Welcome to European Tribune. It's gone a bit quiet around here these days, but it's still going.
I think the problem with media coverage is that it is entirely dependent on which reporter, which paper, which owner, which experts, what spin and most importantly, who's paying.

Unfortunately, while the first two are well known, the more important factors are invariably hidden. In the wake of the fukushima problem, it was noticeable that articles came out backing nuclear power. Who had they spoken to ? Or rather, who had spoken to them ? In the Guardian I expected the article from Julian Glover who is a right wing lickspittle with little intellectual heft. You could see right through his praise. But George Monbiot ? That was surprising. But I'm similar things happened in other papers.

Maybe Monbiot was writing with a pen uncluttered by the enticements of Corporate power, but a writer such as he who is invariably discussing the long haul on climate change, farming practices and the security of the biosphere should have at least mentioned the long term problems with nuclear. It was that absence that troubled me.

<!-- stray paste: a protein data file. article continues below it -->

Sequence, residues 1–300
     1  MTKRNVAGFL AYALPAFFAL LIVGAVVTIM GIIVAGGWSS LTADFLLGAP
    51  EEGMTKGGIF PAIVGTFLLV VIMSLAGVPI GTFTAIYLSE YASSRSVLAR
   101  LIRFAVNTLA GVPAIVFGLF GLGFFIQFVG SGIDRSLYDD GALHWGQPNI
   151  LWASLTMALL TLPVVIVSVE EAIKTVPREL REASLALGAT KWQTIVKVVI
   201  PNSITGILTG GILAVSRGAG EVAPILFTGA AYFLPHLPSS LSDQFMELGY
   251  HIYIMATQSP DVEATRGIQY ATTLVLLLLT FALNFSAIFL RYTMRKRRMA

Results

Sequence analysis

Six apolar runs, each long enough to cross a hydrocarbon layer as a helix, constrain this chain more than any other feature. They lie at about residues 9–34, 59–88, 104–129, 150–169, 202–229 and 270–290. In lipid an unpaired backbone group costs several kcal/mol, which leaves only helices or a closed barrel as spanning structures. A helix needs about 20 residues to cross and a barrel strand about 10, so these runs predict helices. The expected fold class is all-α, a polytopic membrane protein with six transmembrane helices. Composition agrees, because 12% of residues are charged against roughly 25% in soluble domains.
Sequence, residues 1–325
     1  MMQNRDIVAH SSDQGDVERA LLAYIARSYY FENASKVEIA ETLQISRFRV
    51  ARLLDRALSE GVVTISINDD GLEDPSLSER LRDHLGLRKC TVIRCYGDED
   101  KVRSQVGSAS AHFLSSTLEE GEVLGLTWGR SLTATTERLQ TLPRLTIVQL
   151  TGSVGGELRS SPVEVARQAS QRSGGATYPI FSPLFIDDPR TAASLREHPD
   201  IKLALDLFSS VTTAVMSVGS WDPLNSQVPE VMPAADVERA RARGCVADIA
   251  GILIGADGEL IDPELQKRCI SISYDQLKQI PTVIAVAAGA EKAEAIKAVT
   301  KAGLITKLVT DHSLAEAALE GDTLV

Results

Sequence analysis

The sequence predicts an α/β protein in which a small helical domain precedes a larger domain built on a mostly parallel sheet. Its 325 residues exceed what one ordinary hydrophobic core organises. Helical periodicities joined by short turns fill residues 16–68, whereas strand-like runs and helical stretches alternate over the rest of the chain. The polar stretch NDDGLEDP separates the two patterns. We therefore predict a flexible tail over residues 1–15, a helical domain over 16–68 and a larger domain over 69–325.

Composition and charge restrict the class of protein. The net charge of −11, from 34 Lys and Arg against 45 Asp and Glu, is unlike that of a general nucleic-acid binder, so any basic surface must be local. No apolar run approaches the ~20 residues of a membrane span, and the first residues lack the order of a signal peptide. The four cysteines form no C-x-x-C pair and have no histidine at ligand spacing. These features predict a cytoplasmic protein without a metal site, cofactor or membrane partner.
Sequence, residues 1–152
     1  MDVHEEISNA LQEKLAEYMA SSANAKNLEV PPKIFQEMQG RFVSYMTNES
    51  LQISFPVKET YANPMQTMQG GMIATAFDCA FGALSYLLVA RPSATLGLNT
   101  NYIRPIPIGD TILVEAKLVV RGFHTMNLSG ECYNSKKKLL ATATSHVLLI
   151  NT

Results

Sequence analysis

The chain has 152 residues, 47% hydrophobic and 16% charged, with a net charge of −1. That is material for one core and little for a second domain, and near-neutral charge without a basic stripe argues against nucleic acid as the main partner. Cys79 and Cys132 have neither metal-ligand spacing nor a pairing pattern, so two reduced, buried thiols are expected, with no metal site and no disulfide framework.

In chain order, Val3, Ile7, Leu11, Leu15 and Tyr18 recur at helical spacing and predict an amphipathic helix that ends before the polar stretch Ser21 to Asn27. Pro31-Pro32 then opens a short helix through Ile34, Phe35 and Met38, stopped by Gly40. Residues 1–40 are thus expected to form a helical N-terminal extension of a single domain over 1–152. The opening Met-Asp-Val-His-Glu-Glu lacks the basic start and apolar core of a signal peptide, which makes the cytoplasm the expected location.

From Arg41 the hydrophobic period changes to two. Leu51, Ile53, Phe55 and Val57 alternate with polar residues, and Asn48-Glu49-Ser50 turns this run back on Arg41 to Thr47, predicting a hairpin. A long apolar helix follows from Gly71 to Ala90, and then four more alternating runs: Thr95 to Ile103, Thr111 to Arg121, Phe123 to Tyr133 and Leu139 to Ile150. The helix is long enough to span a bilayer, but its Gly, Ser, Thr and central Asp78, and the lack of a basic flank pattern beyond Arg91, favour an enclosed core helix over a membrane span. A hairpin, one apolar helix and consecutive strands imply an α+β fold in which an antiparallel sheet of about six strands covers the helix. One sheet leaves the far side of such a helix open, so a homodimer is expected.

And that's the real problem with nuclear. The companies, the governments are obsessed with secrecy, terrified of negative reviews and will denigrate mercilessly anyone who dares to smear dirt on their shiny dreams. But if they won't speak the truth about their problems, problems that would scare anyone, why should we ever trust them ? and if the media don't know, how can they report reality ?

keep to the Fen Causeway

by Helen (lareinagal at yahoo dot co dot uk) on Thu Mar 24th, 2011 at 07:13:22 AM EST

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